Along with the B vitamins, phosphorus is needed to extract energy from
food, particularly fats and starches. It is a component of healthy bones,
teeth, gums and many other tissues. Phosphorus also helps with kidney
functioning and heart regularity. It lessens arthritis pain. But none of this
would be possible without proper levels of vitamin D
and calcium, which phosphorus needs to function
- Speeds up the healing process and puts a stop to calcium loss from injury.
- Helps prevent and treat osteoporosis.
- Helps treat or forestall bone diseases like rickets.
- Prevents stunted growth in children.
- Helps break up and carry away fats and fatty acids in your blood, as well
as keeping your blood balanced.
- Works to keep your nerves from feeling frazzled, and your mind alert and
- Helps stimulate your glands to secrete hormones.
- Keeps your muscles, including your heart, contracting regularly and
- Lets you digest two members of the B-vitamin family, riboflavin and niacin.
- Assures transmission of impulses from one nerve to another.
- Keeps your kidneys effectively excreting wastes.
- Gives you stable and plentiful energy.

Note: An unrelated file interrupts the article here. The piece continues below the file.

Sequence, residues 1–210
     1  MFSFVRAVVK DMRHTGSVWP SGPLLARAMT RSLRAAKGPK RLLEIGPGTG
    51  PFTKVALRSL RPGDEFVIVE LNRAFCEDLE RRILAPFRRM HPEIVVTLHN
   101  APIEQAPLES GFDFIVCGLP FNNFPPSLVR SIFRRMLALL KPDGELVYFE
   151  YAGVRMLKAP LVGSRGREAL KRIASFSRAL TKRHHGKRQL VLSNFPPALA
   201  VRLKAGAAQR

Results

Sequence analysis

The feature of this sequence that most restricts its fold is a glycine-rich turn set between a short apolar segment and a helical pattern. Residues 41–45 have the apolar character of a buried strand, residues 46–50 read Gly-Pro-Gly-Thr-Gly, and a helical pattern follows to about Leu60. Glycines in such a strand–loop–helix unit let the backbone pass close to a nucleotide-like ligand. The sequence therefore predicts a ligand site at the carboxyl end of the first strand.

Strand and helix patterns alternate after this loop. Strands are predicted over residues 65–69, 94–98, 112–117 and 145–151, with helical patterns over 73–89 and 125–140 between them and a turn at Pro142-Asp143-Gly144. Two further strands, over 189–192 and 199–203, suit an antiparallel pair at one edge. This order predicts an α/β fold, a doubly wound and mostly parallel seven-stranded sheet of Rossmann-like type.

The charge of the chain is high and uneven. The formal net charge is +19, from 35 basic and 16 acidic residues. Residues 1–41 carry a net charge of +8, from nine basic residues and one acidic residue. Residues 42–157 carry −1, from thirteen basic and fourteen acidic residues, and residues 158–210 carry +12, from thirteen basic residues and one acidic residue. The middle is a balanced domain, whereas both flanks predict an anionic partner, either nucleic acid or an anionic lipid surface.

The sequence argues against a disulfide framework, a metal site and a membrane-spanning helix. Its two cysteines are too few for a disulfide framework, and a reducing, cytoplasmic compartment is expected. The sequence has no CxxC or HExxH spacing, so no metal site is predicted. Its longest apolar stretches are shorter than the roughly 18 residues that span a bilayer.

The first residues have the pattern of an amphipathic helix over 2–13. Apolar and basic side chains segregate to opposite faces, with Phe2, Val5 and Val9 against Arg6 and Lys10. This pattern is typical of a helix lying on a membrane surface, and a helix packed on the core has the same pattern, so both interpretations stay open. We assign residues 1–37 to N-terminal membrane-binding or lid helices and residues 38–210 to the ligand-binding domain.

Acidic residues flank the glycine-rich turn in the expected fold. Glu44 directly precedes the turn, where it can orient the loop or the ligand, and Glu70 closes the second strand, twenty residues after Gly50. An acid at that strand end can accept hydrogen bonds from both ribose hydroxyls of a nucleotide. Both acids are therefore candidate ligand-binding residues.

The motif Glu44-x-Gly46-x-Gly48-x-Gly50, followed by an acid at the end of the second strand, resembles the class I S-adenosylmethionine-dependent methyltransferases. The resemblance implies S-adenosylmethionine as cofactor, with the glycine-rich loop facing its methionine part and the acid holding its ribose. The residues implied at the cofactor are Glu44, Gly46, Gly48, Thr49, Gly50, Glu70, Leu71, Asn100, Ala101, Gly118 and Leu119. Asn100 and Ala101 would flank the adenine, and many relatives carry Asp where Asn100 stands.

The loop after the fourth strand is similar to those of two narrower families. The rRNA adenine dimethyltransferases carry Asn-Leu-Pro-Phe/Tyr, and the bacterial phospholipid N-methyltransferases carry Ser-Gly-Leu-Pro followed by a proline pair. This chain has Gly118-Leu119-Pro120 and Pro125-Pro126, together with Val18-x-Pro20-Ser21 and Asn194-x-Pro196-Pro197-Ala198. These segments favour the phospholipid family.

- Forms the proteins that help all of us reproduce.
- May help block cancer.
Good for These Symptoms:
- Muscle weakness
- Susceptibility to infections
Signs of Deficiency:
- Appetite loss
- Pain in bones
Those at Risk for Low Phosphorus:
- Those on weight-loss diets of 1,000 calories a day or less
- Pregnant and nursing women
- Those who drink heavily
- Those who consume large amounts of antacids that deplete the bones'
- Dairy products
- Whole grains including flour and cereals
- Dried beans
- In order not to disturb your phosphorus-calcium balance, stay away from
soft drinks, meat, and foods that contain phosphorus additives (phosphates).
RDA: 1,200 mg
Optimal Level: From dietary sources
Maximum: 800 mg
Signs of Toxicity: Too much can upset the balance, creating a
serious muscular condition called hypocalcemic tetany.